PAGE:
- From the Editor
The contents of this issue represent our efforts toward increasing and broadening the scope of research on women, gender, and families of color. Topics not only address the important effects of race and gender in women’s social realities but probe the deep interconnections between age, ability, religion, reproduction, immigration, education, and political agency. Authors demonstrate the fruitful efforts of multidisciplinary, intersectional work that this journal seeks to promote. While the articles in this issue are diverse, they highlight key policies and events that changed the social landscape and American conceptions of race and gender across the second half of the twentieth century. From mid-century miscegenation laws to the post–9/11 security state, these authors demonstrate that understandings of race, ethnicity, and gender are not stable or concrete categories but are contested and evolving across time and space.
In “‘A Darker Hue’: Race and Adoption in Richmond, Virginia, 1959,” which focuses on mid-century adoption policies in the U.S. South, Sarah L. Trembanis historicizes the long history of policing the reproductive and family lives of people of color. In this piece, the author focuses on government policies that prohibited interracial adoptions in the twentieth century through the remarkable story of one black woman’s struggle to adopt her lighter-skinned nephew. Trembanis highlights the political sites of contestation created in the opposing racial ideologies offered by state policies, adoption workers, and families.
Carly Hayden Foster’s article, “Anchor Babies and Welfare Queens: An Essay on Political Rhetoric, Gendered Racism, and Marginalization,” shows how the policing of families of color evolved in the early 1980s political [End Page 1] construction of the welfare queen. In politicians’ strategic laments of black single mothers “taking advantage” of American taxpayers, Foster connects the discourses of the welfare queen to more contemporary notions of Latina immigrant mothers and anchor babies. Foster shows how each of these tropes relies on assumptions of racialized, gendered deviancy that further marginalize women and families of color and inhibit them from receiving the material or social resources they need. Dorothy Hines-Datiri’s work shows how racial and gendered stereotypes have a continued effect on the retention of young black and Latina women in U.S. high schools. In “‘Cloaked in Invisibility’: Dropout-Recovery Narratives of Girls of Color after Re-enrollment,” she explores how young women of color understand and respond to how others perceive their struggles, such as adolescent pregnancy, and the meaning this may have for their continued education.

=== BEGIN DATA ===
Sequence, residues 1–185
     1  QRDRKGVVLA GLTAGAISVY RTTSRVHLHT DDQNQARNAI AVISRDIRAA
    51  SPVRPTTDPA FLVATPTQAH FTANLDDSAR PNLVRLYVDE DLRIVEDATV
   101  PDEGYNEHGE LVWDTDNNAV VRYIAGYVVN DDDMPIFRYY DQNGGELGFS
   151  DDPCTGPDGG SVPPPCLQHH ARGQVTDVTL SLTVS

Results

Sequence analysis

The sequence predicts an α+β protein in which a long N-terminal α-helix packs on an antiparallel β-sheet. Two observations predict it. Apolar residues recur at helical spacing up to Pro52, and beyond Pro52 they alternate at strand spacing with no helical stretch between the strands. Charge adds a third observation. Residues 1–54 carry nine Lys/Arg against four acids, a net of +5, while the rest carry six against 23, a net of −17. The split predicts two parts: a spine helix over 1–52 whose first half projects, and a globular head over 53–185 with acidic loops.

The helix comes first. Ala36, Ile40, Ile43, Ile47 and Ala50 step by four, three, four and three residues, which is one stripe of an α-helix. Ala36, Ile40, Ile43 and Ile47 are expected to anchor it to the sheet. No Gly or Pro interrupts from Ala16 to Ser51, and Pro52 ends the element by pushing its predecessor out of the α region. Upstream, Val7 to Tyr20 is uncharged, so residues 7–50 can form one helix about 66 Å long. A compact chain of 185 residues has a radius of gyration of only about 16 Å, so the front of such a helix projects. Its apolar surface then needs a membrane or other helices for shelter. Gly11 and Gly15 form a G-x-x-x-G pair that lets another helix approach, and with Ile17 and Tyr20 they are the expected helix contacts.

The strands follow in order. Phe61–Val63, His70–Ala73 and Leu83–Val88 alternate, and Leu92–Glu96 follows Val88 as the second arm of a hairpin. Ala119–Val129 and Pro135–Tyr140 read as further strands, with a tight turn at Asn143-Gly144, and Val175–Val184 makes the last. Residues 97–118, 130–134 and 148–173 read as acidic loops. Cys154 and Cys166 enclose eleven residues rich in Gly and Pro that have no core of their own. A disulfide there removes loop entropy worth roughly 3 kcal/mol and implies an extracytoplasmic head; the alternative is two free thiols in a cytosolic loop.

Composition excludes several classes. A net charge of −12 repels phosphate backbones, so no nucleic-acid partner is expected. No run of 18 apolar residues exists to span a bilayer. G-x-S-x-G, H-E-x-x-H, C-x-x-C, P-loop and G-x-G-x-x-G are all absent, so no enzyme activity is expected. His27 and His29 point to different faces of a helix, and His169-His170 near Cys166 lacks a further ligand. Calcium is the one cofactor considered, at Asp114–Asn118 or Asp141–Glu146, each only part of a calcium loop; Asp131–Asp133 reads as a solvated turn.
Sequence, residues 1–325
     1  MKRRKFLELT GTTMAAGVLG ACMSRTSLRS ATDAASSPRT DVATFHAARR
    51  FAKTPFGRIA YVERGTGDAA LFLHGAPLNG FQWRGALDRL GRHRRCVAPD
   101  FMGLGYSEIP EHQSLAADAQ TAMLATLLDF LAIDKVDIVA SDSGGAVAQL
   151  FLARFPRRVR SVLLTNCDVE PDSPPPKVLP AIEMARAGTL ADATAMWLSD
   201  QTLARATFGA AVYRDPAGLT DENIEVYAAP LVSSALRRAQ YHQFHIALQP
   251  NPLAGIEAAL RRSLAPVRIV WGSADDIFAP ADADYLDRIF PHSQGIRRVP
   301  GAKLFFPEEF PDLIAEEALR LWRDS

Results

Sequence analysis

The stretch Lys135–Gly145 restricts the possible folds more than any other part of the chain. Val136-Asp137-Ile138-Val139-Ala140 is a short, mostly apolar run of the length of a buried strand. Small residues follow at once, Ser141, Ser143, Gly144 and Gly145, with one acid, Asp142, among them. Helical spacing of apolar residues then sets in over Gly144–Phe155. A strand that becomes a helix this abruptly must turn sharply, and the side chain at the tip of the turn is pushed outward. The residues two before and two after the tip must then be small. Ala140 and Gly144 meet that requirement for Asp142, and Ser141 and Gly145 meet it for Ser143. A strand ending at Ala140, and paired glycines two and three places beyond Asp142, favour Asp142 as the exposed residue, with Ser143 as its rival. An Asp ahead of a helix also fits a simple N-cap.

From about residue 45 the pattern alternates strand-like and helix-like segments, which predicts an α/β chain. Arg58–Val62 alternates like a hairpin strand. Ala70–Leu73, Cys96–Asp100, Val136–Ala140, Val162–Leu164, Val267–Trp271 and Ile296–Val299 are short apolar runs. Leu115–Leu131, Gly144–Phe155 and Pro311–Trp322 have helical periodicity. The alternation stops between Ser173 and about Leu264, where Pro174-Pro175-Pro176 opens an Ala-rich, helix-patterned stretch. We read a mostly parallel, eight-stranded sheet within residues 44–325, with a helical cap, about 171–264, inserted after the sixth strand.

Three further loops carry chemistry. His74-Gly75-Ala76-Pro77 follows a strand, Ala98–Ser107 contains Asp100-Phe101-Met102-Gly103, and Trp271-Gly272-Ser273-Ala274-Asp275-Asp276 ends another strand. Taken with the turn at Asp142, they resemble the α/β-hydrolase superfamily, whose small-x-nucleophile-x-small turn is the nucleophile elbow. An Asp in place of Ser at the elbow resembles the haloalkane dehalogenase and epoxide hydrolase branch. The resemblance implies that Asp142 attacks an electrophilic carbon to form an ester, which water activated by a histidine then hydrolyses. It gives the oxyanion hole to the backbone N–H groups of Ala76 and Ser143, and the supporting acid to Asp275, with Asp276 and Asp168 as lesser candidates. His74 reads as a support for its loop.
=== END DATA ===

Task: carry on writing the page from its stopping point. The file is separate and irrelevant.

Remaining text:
While each of these pieces shows the historically embedded roots of race and gender in the United States, Sabrina Alimahomed-Wilson’s work, “An ‘Invisible’ Pattern of Violence: White American Masculinity and the Hidden Assault on U.S. Muslim Women,” calls attention to the ways racial formations are changing in the 21st century. Her work on post–9/11 Islamophobia draws much-needed attention to the daily violence experienced by U.S. Muslim women. In her research, the author found that an astounding 85 percent of the women she interviewed reported verbal assaults or threats within public spaces; a quarter of the women reported harrowing experiences with physical violence. Yet this violence has been disregarded by authorities, ignored in news outlets, and underrepresented in scholarship. Instead, these women’s stories are eclipsed by the same racist, sexist, xenophobic practices of policy makers, law enforcement, and citizen surveillance campaigns that Alimahomed-Wilson connects to post–9/11 militarism and the invasion of Iraq and Afghanistan.
Each of these pieces seeks to uncover historical and present violence affecting the lives of women, gender, and families of color. Reaching out to other scholarship with similar values, we review two titles, Becoming Legal: Immigration Law and Mixed-Status Families, by Ruth Gomberg-Muñoz, and LaGuana Gray’s We Just Keep Running the Line: Black Southern Women and the Poultry Processing Industry. These titles precipitate our building of a regular book review section as part of the journal, and we welcome readers to submit. [End Page 2]